Quick Decisions – how much time is enough?

What’s the rush?

The pressure is on. Everyone wants an instant response and quick decisions.

“Why do you need to deliberate?”

“Haven’t you made your mind up yet?”

“What’s wrong with you? Are you weak, poorly informed or incompetent?”

“Surely you know all about this already. Your people have seen it.”

“No-one else has objected.”

“We need to go now or we will miss the boat.”

What’s the worst that can happen? (Good question)

What is the adage?

Decisions are made in haste and regretted at leisure

Decision Analysis

When we analyse decision types for decision-making governance design we look at how the attributes of a decision change with time. For example:

  • How much time is required to evaluate the options and do an evidence-based selection, and;
  • The time available, within which the decision can actually add any value. I have seen hiring decisions made too late for example.


If Time Required < Time Available – we at least have a chance to design a process that will improve the decision outcome.

But if Time Required > Time Available we are in the world of making decisions with ‘sparse data’.

Maybe this is one way to define a quick decision?


Strategies for quick decisions

So, if we need a quick decision we can look at a range of strategies to fill in the ‘data gaps’. For example we can:

  • Simulate – build, test and calibrate models to synthesise the ‘missing data’ fast.
  • Create a fast access path to ‘Experts’ whose opinions can fill the gap.
  • Reframe the decision to remove need for the data which is sparse. Typically involves prior agreement of a set of constraints that can be used to make the decision less ‘global’.
  • Automate – create a set of ‘rules’ that can be applied, very fast, to the sparse data that is available and use governance controls to limit risk exposure (e.g. trading systems)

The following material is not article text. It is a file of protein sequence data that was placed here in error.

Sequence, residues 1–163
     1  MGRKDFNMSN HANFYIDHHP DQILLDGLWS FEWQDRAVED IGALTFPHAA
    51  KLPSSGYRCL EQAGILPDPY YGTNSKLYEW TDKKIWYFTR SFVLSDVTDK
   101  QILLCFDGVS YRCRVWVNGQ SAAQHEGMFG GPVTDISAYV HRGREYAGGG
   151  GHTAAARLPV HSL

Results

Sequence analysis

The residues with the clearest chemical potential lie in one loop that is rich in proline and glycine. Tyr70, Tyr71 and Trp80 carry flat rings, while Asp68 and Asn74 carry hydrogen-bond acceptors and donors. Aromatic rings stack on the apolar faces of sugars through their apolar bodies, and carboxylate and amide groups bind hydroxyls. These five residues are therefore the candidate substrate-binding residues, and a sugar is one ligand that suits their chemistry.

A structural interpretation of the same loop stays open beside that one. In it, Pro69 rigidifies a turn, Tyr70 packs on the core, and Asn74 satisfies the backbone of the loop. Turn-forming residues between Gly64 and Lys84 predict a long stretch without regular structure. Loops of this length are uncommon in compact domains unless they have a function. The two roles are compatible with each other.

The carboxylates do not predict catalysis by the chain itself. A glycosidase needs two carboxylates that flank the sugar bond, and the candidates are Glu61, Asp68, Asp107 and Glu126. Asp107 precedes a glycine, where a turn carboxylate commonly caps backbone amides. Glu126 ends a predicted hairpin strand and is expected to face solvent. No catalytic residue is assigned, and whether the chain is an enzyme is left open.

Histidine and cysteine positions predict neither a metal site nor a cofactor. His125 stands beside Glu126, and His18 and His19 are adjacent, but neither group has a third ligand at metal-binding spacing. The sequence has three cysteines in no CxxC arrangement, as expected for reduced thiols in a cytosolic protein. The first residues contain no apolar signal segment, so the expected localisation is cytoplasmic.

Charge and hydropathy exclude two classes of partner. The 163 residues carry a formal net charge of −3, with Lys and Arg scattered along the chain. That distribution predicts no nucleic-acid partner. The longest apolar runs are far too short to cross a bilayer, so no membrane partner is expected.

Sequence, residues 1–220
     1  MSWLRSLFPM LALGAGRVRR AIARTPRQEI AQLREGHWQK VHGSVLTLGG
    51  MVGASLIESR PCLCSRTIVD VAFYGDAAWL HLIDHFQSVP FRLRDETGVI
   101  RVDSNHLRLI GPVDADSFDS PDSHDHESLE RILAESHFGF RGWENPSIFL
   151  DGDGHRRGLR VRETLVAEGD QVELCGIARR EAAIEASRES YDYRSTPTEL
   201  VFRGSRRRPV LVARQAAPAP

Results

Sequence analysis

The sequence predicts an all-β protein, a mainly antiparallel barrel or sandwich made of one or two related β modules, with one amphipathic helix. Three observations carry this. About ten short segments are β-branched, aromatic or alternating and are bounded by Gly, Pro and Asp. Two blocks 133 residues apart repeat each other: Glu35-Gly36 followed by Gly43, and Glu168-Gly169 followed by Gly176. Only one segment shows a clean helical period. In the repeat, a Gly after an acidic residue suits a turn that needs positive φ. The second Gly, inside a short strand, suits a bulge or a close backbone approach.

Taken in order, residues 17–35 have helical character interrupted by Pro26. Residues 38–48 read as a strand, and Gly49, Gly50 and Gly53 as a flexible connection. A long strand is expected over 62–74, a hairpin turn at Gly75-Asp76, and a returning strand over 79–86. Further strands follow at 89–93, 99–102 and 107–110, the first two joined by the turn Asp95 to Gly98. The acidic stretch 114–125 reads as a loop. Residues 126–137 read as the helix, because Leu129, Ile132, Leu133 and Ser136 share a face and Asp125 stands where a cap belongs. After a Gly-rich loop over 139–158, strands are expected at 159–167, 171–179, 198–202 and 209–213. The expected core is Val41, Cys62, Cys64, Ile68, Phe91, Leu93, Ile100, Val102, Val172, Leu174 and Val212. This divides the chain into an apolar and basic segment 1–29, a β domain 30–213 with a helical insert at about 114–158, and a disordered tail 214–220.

My favourite of these is to design an ‘Expert Instant Voting mechanism’. We collapse the investment approval functions of a ‘board’ (which should contain the broad interests and wide range of experience and knowledge to support high quality decision-making) into an instant voting system. It enables a very small number of experts to be polled for a binary decision in minutes. At its simplest this is an e-mail thread. If all the principle decision-makers say ‘yes’ it can be done in under a minute. For this to work well rules have to be designed and behaviours put in place to support it. And the scope of this has to be quite well defined so we can use governance to protect the business from being broken by its top experts.

Or can we just slow down?

Do we really need to make a quick decision?

Are we certain that we need to ‘decide-now’ and that we are not just seeking the gratification and relief of ‘decision made’.

Can we take a series of ‘interim decisions’ and adopt a more agile approach? This may reduce the up-side gain but may also limits the down-side risk (e.g. feeding investment funds into the market over time and not all at once).


Key point: If you want to be better at making quick decisions – do some analysis and put in place some decision-support strategies before the next ‘quick decision’ is put in front of you.

Link to cover picture

Happy rainy days


, , , , ,

No comments yet.

Leave a Reply